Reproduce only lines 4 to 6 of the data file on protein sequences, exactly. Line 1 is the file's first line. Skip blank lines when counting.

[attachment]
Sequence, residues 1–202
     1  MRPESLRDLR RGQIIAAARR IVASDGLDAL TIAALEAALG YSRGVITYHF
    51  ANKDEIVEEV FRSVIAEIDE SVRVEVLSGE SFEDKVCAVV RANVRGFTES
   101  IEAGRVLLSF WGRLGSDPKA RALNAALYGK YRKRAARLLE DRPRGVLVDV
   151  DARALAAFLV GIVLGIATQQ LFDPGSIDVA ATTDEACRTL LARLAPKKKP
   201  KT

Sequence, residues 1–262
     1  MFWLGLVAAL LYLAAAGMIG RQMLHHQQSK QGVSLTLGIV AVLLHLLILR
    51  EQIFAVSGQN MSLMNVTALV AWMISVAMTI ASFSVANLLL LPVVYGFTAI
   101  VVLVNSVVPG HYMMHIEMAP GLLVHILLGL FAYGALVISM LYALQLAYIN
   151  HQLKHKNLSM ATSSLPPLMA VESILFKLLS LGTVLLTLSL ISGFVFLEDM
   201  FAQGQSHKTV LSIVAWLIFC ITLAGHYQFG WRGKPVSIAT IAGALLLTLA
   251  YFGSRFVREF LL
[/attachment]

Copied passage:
   101  IEAGRVLLSF WGRLGSDPKA RALNAALYGK YRKRAARLLE DRPRGVLVDV
   151  DARALAAFLV GIVLGIATQQ LFDPGSIDVA ATTDEACRTL LARLAPKKKP
   201  KT